Then there are other guys like Carlton Davis III, Vita Vea, Jordan Whitehead, etc. who will have played under Bowles for three out of their four years in the league once 2021 officially begins. The key with all these aforementioned names is they are all crucial components/core pieces on the defense. They’re all young, too.
Keeping Bowles around -on paper, at least- helps assure the continued growth of these players. It’s hard to sit here and say that each player hasn’t gotten better under Bowles’ tutelage. Yes, there have certainly been growing pains, but you can see the production and improvement on the field.
It’s already hard enough keeping rosters intact, let alone coaching staffs. The turnover rate is just as high and the opportunities to climb the ladder are just as rare. The Bucs aren’t precluding Bowles from getting another head coaching job, but the extension is at least a sign that they are trying to build this team the right way by keeping the continuity alive.
1. The Super Bowl LV game plan
I mean, let’s be real: Bowles absolutely, 1,000% deserves the extension based off his overall body of work. But the Super Bowl LV game plan was so good that it would have been enough justification to give just about any defensive coordinator extra years and dollars on their contract.
But no matter how you slice it, it was a masterful game plan. The Chiefs have never been dominated like that since Patrick Mahomes has been under center.
Just take a look at the trends that Bowles either broke or started after those four quarters:
- Bowles is the first defensive coordinator to hold the Chiefs to zero touchdowns in 54 games (regular season and playoffs) with Mahomes at quarterback.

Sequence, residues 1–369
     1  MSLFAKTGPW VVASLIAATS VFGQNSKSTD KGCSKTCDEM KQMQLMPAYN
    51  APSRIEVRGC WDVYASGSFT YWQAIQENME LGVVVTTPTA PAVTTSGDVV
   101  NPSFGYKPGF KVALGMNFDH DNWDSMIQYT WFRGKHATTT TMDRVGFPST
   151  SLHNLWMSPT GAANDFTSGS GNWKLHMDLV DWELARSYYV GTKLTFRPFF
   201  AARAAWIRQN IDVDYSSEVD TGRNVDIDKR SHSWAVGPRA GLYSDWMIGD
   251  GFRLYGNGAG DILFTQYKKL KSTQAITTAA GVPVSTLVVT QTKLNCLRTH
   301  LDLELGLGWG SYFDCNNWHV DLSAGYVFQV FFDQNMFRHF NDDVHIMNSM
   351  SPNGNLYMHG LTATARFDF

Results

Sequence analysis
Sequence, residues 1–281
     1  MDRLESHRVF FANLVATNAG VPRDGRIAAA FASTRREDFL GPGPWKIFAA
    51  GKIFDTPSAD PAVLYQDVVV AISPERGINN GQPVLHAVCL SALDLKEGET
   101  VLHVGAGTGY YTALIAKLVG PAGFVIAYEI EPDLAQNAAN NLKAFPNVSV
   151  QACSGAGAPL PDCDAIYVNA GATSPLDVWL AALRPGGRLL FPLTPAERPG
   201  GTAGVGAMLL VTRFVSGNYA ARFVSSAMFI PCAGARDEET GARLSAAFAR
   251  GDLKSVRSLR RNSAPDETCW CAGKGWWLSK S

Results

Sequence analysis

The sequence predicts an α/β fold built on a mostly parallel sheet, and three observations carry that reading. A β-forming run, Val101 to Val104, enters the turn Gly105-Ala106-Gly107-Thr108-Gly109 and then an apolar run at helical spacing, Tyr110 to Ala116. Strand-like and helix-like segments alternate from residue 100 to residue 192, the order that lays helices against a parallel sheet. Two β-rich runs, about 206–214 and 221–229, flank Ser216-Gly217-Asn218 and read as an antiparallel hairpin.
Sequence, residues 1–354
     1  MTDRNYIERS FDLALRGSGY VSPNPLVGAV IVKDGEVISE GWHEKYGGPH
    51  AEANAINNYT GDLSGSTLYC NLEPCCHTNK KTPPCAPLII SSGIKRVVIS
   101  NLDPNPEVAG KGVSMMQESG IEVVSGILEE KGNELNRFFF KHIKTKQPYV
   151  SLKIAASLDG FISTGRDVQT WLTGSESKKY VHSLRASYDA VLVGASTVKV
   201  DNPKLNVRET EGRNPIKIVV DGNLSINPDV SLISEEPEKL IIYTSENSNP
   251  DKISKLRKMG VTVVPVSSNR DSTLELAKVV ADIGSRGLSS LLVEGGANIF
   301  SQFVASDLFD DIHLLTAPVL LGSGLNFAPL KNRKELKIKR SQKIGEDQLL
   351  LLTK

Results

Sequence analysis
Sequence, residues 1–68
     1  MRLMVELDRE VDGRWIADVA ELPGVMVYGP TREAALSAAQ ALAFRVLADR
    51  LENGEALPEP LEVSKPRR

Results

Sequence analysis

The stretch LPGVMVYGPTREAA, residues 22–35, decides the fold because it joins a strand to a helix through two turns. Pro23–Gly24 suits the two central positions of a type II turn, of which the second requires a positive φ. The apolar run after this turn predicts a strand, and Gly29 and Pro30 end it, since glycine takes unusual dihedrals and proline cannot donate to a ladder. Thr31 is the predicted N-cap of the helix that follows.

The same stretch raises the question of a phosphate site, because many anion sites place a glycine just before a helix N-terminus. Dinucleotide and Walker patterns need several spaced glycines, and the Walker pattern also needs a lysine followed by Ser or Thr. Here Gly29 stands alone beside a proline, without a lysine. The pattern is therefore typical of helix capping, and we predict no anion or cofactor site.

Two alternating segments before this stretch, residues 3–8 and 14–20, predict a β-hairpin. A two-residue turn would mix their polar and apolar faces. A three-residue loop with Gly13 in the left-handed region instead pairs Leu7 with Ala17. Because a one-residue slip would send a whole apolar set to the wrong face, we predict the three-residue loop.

- He’s the first defensive coordinator to hold Mahomes to zero touchdowns in eight postseason games.
- Bowles held Mahomes to zero touchdowns in a game for the just the third time during Mahomes’ career.
- The Chiefs averaged 31 points per game through 46 regular season games and 34 points through seven previous postseason games with Mahomes at quarterback. Bowles and the Bucs defense held them to just nine points in the Super Bowl.
The Chiefs were considered to be the NFL’s next dynasty, but Bowles but the brakes on that real fast. Tampa Bay’s defensive performance -much like the one that won Super Bowl XXXVII- will go down as one of the greatest defensive performances in Super Bowl history.
There are plenty of reasons why the Bucs gave Bowles the three-year extension, but these five are arguably the biggest of them all. There has been significant, on-field improvement each year and the defense played its best ball when it mattered most – during the playoffs and in the Super Bowl.
There’s still plenty to work on when it comes to Year Three. But right now, you have to feel good about what’s going on defensively if you’re the Bucs.